The Eighth World Futurological Congress was held in Costa Rica… Each speaker was given four minutes to present his paper, as there were so many scheduled-198 from 64 different countries. To help expedite the proceedings, all reports had to be distributed and studied beforehand, while the lecturer would speak only in numerals, calling attention in this fashion to the salient paragraphs of his work. To better receive and process such wealth of information, we all turned on our portable recorders and pocket computers (which later would be plugged in for the general discussion). Stan Hazelton of the U.S. delegation immediately threw the hall into a flurry by emphatically repeating: 4, 6, 11, and therefore 22; 5, 9, hence 22; 3, 7, 2, 11, from which it followed that 22 and only 22!! Someone jumped up, saying yes but 5, and what about 6, 18, or 4 for that matter; Hazelton countered this objection with the crushing retort that, either way, 22. I turned to the number key in his paper and discovered that 22 meant the end of the world.
Stanislaw Lem “The Futurological Congress”
“The Futurological Congress” is Ijon Tichy’s grotesque report written by Stanislaw Lem in the early seventies. It presents an overpopulated and overexploited Earth of the first half of the 21st century, whose herded residents seek refuge in pharmacologically synthesized collective hallucinations. Lem’s satirical vision contesting popular futurological visions of that time remains a clear warning against the greed of consumer societies willing to yield to their desires at the irreversible expense of our planet’s ecosystem.
Half a century later, Lem’s message becomes even more relevant. This is shown by the Ninth Futurological Congress project, a form of an artistic manifesto, whose authors took the book’s appeal seriously: we don’t stand idly by when we hear the cry of “Man the pumps!”.
The initiators and main organizers of the conference are Mareike Dittmer (co-publisher of the “Frieze Magazine”) and the artist Julieta Aranda (the founder and editor of www.e-flux.com) — both influential in the art world.
9th Futurological Congress, Ufficio Primo, Warsaw 2016 (fot. by Mikolaj Sekutowicz)
Good news for all literary critics!
While mailing out prizes for the review contest we finally managed to establish the weight of Stanislaw Lem’s literary output: about 20 kg (44 pounds).
Stanislaw Lem (1921-2006) was born in Lvov where he also spent his youth. He was twenty-four when he arrived in Krakow with one of the last waves of repatriates. Until the very end the Lems believed their beloved city would stay within the borders of Poland and decided to leave only when presented with the perspective of becoming Soviet citizens, hastily selling off all property. The only valuable item Lem managed to save was an „Underwood” typewriter, a gift from his father for his twelfth birthday.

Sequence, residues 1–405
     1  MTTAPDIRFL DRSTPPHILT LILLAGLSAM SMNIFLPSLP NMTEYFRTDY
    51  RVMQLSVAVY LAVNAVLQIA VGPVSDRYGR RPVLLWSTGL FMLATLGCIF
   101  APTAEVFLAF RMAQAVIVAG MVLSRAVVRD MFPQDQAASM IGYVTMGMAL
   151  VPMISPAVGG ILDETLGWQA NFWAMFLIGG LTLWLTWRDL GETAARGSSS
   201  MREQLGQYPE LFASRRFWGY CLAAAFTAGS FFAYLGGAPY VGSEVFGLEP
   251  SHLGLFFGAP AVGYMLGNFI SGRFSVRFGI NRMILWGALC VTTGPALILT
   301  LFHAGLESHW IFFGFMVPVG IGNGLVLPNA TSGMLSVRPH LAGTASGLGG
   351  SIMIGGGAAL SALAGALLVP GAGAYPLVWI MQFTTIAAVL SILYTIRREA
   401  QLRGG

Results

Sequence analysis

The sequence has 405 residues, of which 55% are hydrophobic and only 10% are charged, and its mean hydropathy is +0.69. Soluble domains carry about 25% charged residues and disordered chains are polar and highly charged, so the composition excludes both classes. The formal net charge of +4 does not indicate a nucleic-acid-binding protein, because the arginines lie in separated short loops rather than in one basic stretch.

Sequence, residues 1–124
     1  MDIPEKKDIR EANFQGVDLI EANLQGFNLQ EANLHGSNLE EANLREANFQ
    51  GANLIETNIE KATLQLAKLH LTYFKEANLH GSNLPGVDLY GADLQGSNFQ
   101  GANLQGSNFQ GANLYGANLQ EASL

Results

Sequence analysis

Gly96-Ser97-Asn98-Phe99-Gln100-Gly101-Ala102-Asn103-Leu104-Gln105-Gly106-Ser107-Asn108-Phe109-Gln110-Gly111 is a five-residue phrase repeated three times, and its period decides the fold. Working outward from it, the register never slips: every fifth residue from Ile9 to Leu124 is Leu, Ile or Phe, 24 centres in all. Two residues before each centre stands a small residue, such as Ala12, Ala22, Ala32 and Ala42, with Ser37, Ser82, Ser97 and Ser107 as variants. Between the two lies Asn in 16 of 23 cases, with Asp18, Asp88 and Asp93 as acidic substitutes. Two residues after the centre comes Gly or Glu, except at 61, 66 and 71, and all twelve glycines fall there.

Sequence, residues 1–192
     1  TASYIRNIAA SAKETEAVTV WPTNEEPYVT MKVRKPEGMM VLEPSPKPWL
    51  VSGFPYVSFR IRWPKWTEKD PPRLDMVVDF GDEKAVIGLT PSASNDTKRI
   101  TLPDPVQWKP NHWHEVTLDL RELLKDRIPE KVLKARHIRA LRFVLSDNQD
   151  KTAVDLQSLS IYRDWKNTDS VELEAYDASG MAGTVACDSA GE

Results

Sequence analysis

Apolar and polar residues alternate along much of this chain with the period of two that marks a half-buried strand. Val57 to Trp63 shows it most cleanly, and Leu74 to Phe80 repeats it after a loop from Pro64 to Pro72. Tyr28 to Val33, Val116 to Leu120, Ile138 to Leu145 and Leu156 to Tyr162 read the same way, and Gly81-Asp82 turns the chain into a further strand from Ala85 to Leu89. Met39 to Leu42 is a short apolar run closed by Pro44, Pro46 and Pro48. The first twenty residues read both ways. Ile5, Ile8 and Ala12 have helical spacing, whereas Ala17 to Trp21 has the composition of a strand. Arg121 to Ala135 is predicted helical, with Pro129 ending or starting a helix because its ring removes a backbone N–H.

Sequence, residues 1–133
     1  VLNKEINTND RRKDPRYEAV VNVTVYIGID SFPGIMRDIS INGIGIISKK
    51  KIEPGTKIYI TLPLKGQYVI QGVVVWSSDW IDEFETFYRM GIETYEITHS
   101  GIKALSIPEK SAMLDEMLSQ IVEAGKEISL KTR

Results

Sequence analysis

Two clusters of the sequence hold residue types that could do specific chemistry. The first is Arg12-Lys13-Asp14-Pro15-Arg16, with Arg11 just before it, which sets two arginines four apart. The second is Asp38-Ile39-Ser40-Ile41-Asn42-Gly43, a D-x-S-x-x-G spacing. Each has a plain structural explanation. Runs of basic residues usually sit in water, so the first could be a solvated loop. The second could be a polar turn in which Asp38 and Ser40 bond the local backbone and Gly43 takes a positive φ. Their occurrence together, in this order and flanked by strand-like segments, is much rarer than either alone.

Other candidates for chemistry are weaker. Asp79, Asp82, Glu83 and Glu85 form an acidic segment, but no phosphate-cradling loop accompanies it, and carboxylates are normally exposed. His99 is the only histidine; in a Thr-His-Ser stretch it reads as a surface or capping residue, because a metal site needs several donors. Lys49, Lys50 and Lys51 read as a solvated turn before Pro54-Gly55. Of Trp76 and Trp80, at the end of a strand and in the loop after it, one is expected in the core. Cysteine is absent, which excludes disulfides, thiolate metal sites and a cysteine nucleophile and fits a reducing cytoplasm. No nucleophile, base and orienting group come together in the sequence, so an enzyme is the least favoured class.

They arrived in Krakow in 1945. For the next eight years they shared a meager two-bedroom apartment with the Kolodziejs family at Slaska Street. They were poor; Stanislaw Lem considered working as a welder, which was a well paid job at that time, but his father persuaded him to continue to study medicine. Lem followed this advice, however he refused to take the last exams, as it turned out that all graduates were becoming military doctors — for life.
To support the family he started writing stories and poems. In 1947 he wrote the „Hospital of Transfiguration”. Because that book was published only after Stalin’s death in 1951, Lem’s „official first novel” became „The Astronauts,” a science fiction story enthusiastically received by readers of the eastern block.
In this house in the years 1953-1959 lived Stanislaw Lem — Polish writer, philosopher, visionary and explorer of the future.
In 1953 the Lems and Kolodziejs moved to a bigger three-bedroom apartment at 5 Bonerowska Street. Here Stanislaw Lem and his wife spent the next five years before moving to their own house in the Kliny residential district.
Despite extraordinary imagination and a gift for prognoses probably even Lem himself could not have predicted in those bleak and difficult times that, sixty years later, the building at 5 Bonerowska Street would bear a plaque commemorating his residence there as a world-renowned writer, philosopher and futurologist. The unveiling of the plaque took place on September 12, 2015 — to commemorate Stanislaw Lem’s 90th birthday and to mark an important place on Krakow’s literary map.
“Timof comics” has published a graphic novel entitled “Robot…” – an adaptation of two stories by Stanislaw Lem. The drawings are the work of a Polish couple living in London. The artists’ previous achievements include a well-received comic adaptation of Bulgakov’s “Master and Margarita”.
Danuta Schejbal, a graduate of the Warsaw Academy of Fine Arts and a stage and costume designer of the Cherub Theatre Company adapted “The Uranium Earpieces” from Lem’s “Mortal Engines”.
Andrzej Klimowski, a graphic designer, illustrator, painter and creator of animations is a professor at the Royal College of Art, London. His contribution to the volume is the interpretation of the climatic story “The Sanatorium of Dr. Vliperdius” that takes place at an asylum for mentally ill.
The book was published as one of the projects of the Polish EU Presidency Cultural Program 2011 in both Polish and English. A trailer by the artist Agata Wawryniuk and composer Szymon Orchowski is available on Vimeo:
Vice Magazine published the first English translation of Lem’s “Zagadka” (“The Puzzle”); this story is illustrated by Sophia Foster-Dimino, the co-author of the Lem-Doodle. The full text of “The Puzzle” is available here.